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Learn a language

Hablas ingles?

Unlike my Mum, I do speak several languages. The Netherlands is a small country and besides Dutch, we had to learn English, German and French in school. At the time I wasn’t a fan of the lessons, but as soon as we went travelling I loved it. 

We live in Spain now so it goes without saying we learn Spanish. There are a lot of foreigners living in the south of Spain, mainly English, giving the Spanish a reason to learn English. We have quite a group of mixed people who see each other weekly to talk. Half an hour in Spanish, half an hour in English.

One of our Spanish neighbours wants to practise his English. We see him weekly as well with the same schedule of half English / half Spanish. Apart from practising the language, it’s a great way to meet people and make friends.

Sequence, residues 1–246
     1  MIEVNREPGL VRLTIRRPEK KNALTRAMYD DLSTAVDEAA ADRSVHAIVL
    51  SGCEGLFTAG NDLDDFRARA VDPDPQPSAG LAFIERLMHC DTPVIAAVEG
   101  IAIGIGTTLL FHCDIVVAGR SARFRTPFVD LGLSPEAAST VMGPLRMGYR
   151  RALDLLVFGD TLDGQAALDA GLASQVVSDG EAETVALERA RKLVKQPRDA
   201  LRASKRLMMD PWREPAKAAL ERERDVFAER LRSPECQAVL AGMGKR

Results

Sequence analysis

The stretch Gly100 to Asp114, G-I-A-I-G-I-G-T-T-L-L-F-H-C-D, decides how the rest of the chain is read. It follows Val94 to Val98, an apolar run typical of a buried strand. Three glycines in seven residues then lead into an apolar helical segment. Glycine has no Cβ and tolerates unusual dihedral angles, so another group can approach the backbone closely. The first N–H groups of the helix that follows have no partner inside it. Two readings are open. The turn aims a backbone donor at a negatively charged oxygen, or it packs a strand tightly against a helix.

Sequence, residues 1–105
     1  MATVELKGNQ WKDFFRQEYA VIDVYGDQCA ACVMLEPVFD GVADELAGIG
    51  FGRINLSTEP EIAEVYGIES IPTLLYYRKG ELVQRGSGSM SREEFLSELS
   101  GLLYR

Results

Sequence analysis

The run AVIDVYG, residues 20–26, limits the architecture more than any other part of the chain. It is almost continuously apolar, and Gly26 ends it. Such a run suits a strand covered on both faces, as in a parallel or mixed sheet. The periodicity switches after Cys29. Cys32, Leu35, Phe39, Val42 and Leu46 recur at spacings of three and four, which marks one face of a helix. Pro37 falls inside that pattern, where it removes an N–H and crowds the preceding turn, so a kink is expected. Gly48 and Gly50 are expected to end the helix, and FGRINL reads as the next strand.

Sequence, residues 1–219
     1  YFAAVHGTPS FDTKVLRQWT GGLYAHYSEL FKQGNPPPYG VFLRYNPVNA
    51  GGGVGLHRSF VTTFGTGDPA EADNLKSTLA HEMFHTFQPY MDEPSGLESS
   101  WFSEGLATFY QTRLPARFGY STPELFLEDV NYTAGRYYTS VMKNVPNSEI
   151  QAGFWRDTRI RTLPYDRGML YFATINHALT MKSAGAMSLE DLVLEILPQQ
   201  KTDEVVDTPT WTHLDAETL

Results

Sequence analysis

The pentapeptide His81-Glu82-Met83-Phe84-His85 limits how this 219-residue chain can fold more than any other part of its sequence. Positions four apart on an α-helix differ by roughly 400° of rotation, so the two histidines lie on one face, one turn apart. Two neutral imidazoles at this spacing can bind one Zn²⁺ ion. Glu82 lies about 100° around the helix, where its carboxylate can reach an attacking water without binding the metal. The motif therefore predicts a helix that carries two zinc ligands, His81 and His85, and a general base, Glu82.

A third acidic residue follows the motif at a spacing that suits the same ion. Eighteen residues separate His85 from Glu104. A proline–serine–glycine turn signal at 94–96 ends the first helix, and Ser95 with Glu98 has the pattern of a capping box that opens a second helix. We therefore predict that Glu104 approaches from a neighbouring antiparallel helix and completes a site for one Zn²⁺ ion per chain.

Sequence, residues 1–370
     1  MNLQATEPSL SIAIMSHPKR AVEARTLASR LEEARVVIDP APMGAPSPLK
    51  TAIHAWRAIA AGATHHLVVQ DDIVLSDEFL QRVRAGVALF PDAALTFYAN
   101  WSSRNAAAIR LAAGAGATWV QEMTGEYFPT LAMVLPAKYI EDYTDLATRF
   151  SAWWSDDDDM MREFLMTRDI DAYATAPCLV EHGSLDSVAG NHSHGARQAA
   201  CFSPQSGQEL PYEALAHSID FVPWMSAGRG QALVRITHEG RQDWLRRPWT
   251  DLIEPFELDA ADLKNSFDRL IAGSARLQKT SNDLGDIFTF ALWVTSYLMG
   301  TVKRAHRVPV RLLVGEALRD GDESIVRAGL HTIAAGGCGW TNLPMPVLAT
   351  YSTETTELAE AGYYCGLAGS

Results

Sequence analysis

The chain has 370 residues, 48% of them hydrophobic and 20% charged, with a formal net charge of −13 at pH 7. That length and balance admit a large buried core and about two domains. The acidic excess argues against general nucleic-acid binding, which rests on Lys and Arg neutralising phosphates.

Another thing I always do is learn just a couple of words when I am in a foreign area. I even learned a couple of Catalan words when our son lived there. Just a few words in their own language and people will love the effort. So much so that I even could go on in Spanish in Catalonia once “the ice was broken”.

Join an organization as a volunteer

Be a volunteer

Tom and I both love organic produce. That’s why we participate in a group of volunteers of a group that distributes organic seeds according to an exchange system. Give organic seeds and get seeds of other plants.

They regularly participate in information markets at schools. Unfortunately, our Spanish is not yet good enough for that, but that will come in due time.

The people are fantastic and because we have common ground it is very easy to contact and communicate with them.

Participate in the activities of your local community center

If you don’t like the activities that are aimed specifically at seniors, try other ones. Although senior activities such as card games, billiards and bingo can be a lot of fun.